Mayors working to fight a different invisible threat during the pandemic: domestic abuse
Much has been said in recent weeks about the public health pandemic sweeping through our country. Coined the “invisible enemy” in our midst, COVID-19 has upended nearly every institution and organization in our society, from hospital emergency rooms to our favorite shops on “Main Street.” And while the public health and economic disruptions have been well-documented, one too-often hidden scourge, domestic violence, is ravaging our families and neighborhoods.
As the Mayor of Gresham, Oregon and a Trustee with the U.S. Conference of Mayors, and as the President and CEO of the National Coalition Against Domestic Violence (NCADV), we are watching domestic violence rates spike as an immediate aftermath of our collective efforts to stem the rate of transmission of COVID-19 through physical distancing restrictions. In Gresham, the month of March brought a 77 percent increase in domestic violence calls for police service over the same month a year prior. This trend was consistent with data from other areas of the country, where we are seeing similar increases from the east coast to the west coast.
While frustratingly difficult to detect and disrupt under normal circumstances, victims of domestic violence have even fewer channels of support available to them in these current conditions. Because of physical distancing, a supportive coworker is less likely to spot the emotional and physical signs of abuse, and victims face a diminishing landscape of trusted friends, family members, and colleagues with whom they can confide. When the only communication channel available for a victim is a phone within the house, it is all too easy for abusers to control and stifle calls for help, with victims facing the looming threat of physical retribution. These are only some examples of the challenges victims and survivors are facing, as a result of COVID-19.
Community leaders across America have encouraged residents not to let physical distancing lead to social isolation. Now more than ever, it’s important to be true neighbors to those in our midst even if neighborliness is restricted, at the moment, to virtual modes of communication. While these social connections are important for maintaining our mental health and our sense of interpersonal belonging, in this era of physical estrangement, they can also be a critical tool of abusers to further abuse.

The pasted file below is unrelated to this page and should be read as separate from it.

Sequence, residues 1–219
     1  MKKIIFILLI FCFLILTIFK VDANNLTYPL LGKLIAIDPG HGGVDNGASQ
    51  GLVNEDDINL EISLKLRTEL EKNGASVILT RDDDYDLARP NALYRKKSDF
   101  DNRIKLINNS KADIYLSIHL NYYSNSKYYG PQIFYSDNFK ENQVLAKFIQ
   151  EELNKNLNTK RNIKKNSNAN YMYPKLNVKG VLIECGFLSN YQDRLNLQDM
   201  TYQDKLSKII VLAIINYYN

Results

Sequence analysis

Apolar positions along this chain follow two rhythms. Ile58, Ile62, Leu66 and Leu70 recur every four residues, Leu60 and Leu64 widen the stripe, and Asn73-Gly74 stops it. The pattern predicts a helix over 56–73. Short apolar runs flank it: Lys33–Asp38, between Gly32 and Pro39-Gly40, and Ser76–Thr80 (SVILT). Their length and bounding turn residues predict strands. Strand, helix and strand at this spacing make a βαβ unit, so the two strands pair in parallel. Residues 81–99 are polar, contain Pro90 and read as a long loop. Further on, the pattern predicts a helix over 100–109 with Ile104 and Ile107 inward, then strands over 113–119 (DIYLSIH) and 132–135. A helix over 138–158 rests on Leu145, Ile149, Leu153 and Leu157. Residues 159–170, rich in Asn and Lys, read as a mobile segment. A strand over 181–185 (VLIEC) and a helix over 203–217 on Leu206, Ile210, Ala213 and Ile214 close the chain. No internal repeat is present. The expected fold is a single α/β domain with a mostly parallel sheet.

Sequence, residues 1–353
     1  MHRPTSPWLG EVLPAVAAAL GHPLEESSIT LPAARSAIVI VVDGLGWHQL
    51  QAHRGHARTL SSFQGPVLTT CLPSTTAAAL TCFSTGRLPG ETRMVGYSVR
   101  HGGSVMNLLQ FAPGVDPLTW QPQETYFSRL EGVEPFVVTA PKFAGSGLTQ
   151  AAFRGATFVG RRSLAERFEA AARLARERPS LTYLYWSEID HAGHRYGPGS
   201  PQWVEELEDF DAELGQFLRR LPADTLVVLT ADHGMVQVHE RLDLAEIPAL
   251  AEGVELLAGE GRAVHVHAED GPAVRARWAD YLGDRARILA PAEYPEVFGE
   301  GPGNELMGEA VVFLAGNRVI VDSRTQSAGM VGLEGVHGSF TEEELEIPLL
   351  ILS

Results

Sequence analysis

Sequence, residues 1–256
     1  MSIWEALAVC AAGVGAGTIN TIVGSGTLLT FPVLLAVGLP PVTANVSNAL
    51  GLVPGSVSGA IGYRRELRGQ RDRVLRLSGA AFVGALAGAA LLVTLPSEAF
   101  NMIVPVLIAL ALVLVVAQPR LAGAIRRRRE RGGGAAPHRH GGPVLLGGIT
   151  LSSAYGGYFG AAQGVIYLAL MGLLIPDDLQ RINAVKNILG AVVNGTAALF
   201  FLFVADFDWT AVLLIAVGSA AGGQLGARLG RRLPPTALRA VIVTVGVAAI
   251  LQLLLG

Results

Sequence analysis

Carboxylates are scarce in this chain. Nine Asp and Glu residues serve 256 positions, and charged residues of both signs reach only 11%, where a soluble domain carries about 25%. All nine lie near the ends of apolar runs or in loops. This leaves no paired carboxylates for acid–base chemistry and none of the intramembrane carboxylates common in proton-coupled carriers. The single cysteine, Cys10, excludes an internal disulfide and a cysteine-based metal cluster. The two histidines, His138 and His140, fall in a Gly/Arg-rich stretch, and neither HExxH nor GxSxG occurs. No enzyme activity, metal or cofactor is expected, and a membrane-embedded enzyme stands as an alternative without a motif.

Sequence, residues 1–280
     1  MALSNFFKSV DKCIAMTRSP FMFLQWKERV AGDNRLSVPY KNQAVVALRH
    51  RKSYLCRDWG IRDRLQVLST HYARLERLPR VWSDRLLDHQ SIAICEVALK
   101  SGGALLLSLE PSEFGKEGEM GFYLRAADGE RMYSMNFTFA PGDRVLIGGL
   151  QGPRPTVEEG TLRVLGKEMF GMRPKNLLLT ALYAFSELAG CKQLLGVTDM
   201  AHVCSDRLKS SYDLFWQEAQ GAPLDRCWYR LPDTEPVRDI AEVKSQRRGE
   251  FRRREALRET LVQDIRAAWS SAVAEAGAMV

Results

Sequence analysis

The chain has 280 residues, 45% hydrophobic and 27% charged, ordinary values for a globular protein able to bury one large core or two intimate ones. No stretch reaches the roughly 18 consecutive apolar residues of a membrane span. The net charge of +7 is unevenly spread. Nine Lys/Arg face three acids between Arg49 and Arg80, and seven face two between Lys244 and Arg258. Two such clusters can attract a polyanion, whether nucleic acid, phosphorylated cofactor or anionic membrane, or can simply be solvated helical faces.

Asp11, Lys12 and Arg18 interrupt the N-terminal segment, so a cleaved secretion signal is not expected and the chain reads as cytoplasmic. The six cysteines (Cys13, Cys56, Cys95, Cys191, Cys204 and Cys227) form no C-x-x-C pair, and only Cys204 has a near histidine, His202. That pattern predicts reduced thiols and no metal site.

The best allies for domestic violence victims are those who are emotionally available and represent support and trust. If you are concerned that a friend or loved one is facing violence in the home, express support, share resources, and encourage victims to take the best actions for them, be it fleeing to the safety of shelter, reaching out to family, or reporting their abusers. Domestic violence shelters and programs nationwide continue to operate as critical services and are taking every precaution to ensure these services and service delivery are COVID-19 safe.
As government leaders, it can be tempting to focus on good news and quietly move past bad news. But in the case of domestic violence, elected officials and public servants can empower victims to seek refuge by shining a light on this terrible menace. That’s why the U.S. Conference of Mayors and the National Coalition Against Domestic Violence teamed up with mayors and police chiefs from across America to amplify our concern over this sharp spike in cases and equip our leaders with the tools and advice they need to protect families.
Wherever you are, use your influence to research the data, share the message, and reference available support services. Victims can seek crisis help from the National Domestic Violence Hotline by visiting thehotline.org or by calling 1-800-799-SAFE. Additionally, resources for family, friends, neighbors, colleagues and others are available on the NCADV website.
In the midst of this pandemic, people are looking to public officials for information and guidance. You are uniquely positioned to draw their attention to the hidden terror that occurs within the walls of homes in our communities. Lending your voice to this issue can crush the curve of another dangerous threat in our midst, the harrowing devastation of domestic violence.
Shane Bemis is the Mayor of Gresham, Oregon and Trustee with the U.S. Conference of Mayors
Ruth Glenn is the President and CEO of the National Coalition Against Domestic Violence